The Best Players that Never Were: Careers Destroyed by Injury
Written by Joseph Hubbs & Media by Ryan St. Hill
For the past couple of seasons, NBA fans have been deprived from enjoying the show of one its premier players, Derrick Rose. After being selected first overall in the 2008 NBA draft, Rose exploded into the NBA. Within three years of superb play, Rose averaged 20.9 points per game, 6.7 assists, and was named an MVP. Just when the Bulls looked like they were becoming the best team in the Eastern Conference, Rose tore his ACL in a first round playoff game against the 76ers. The recovery period kept Rose out of the entire 2012-2013 season, and the Bulls learned to play without Rose. Knowing that Rose would be back this season, the Bulls reorganized their roster around him, letting several key bench players walk away in free agency. Ten games deep in the season Rose is now injured again, a torn meniscus in the opposite knee. Several fans now wonder whether Rose will ever play a full season again. If he does, can he regain the elite status he once claimed? For the sake of the NBA and its fans, hopefully these injuries will not destroy the career of such a talented player. In light of these injuries, I thought it necessary to take a look at some of the best players that never were. These are my top 12 guys who could have had monstrous careers had injury not plagued them.
12. Ken Griffey Jr. (Outfielder, Seattle Mariners/Cincinnati Reds)
I know, this guy probably does not belong on this list, but I am including him because a couple injuries after joining the Reds slowed down a legendary career into just a Hall of Fame career. So please, forgive my pettiness. Between 2000 and 2004 Griffey ended three seasons with injury. All of these injuries decreased proved to decrease his bat speed and his power numbers suffered considerably. The worst of it came in 2004 when Griffey hyperextended leg, tearing his hamstring off of the bone. This bizarre injury and several more caused Griffey to miss 260 games in those four seasons. Griffey who hit 630 homeruns and drove in 1836 RBI’s over a 20 year career is still a for sure Hall of Fame inductee after he is eligible. I mean, the guy is sixth all time in homeruns, and if you throw out guys who were juiced, he ranks fourth, below guys like Hank Aaron, Babe Ruth and Willie Mays. So unlike the rest of the guys on this list, he will still be immortalized in the realms of sports. It is just haunting to think about how good his numbers could have been had he not suffered so many injuries in his Cincinnati years.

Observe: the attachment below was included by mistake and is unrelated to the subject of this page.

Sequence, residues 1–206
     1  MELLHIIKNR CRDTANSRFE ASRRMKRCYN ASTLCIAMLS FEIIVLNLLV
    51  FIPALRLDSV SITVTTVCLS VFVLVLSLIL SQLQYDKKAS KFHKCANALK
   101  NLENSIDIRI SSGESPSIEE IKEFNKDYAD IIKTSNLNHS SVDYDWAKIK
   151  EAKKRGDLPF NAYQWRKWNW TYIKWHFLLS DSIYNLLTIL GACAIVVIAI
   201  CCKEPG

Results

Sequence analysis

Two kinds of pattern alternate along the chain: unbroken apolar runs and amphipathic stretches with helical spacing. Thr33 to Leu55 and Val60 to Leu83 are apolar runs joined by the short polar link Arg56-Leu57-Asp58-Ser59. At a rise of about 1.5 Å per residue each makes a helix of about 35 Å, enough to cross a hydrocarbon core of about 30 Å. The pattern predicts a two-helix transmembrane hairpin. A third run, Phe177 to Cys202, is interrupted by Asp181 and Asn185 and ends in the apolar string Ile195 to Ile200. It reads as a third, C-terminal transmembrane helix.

11. Brandon Roy (Point Guard, Portland Trailblazers/Minnesota Timberwolves)
Brandon Roy is nowhere near the status of Griffey in the sports world, but let’s get more serious for a moment. Roy, like Rose, made his presence in the NBA known right away, and won rookie of the year honors in 2007 with 16.8 points and four assists per game. He was an all-star in all of his next three seasons, averaging over 20 points, five assists, and nearly five rebounds. The Blazers would soon notice diminishing stats from Roy after a torn meniscus of his right knee. Roy admittedly had had several knee problems throughout college due to a lack of cartilage in his knee, and it was finally catching up to him in the NBA. By the beginning of the 2010 season, Roy underwent arthroscopic surgery on both knees, and he could never regain his quickness. Nagging knees and a season full of career lows for Roy ended with contemplations of retirement. Sure enough, the four year star called it quits before the beginning of the 2011 season. Since then he tried to make a comeback with the Timberwolves, but his knees still acted up. This time he decided to retire for good. If Roy had just been born with the right amount of cartilage in his knees, he would still be regarded with Chris Paul as a top point guard in the NBA.
10. Bob Sanders (Safety, Indianapolis Colts/San Diego Chargers)
Sanders,once dubbed “the Eraser” by Coach Tony Dungy for his ability to erase his teammate’s mistakes, is probably more known to NFL fans as “that really good safety who is always injured.” In eight NFL seasons, Sanders has only played in more than six games twice, and has never managed to play a full 16 games. A monstrous 2007 season after winning the Super Bowl with the Colts in the previous season gave us a taste at just how dominant Sanders could be on defense. During this one healthy season Sanders racked up 97 tackles, 3.5 sacks, and two interceptions. Sadly, Sanders has not had a healthy season since then, and his career is now in limbo after injuring his knee while playing with the Chargers earlier this year. It’s sad because he is so talented, but I do not see anyone taking a risk on signing this often injured safety.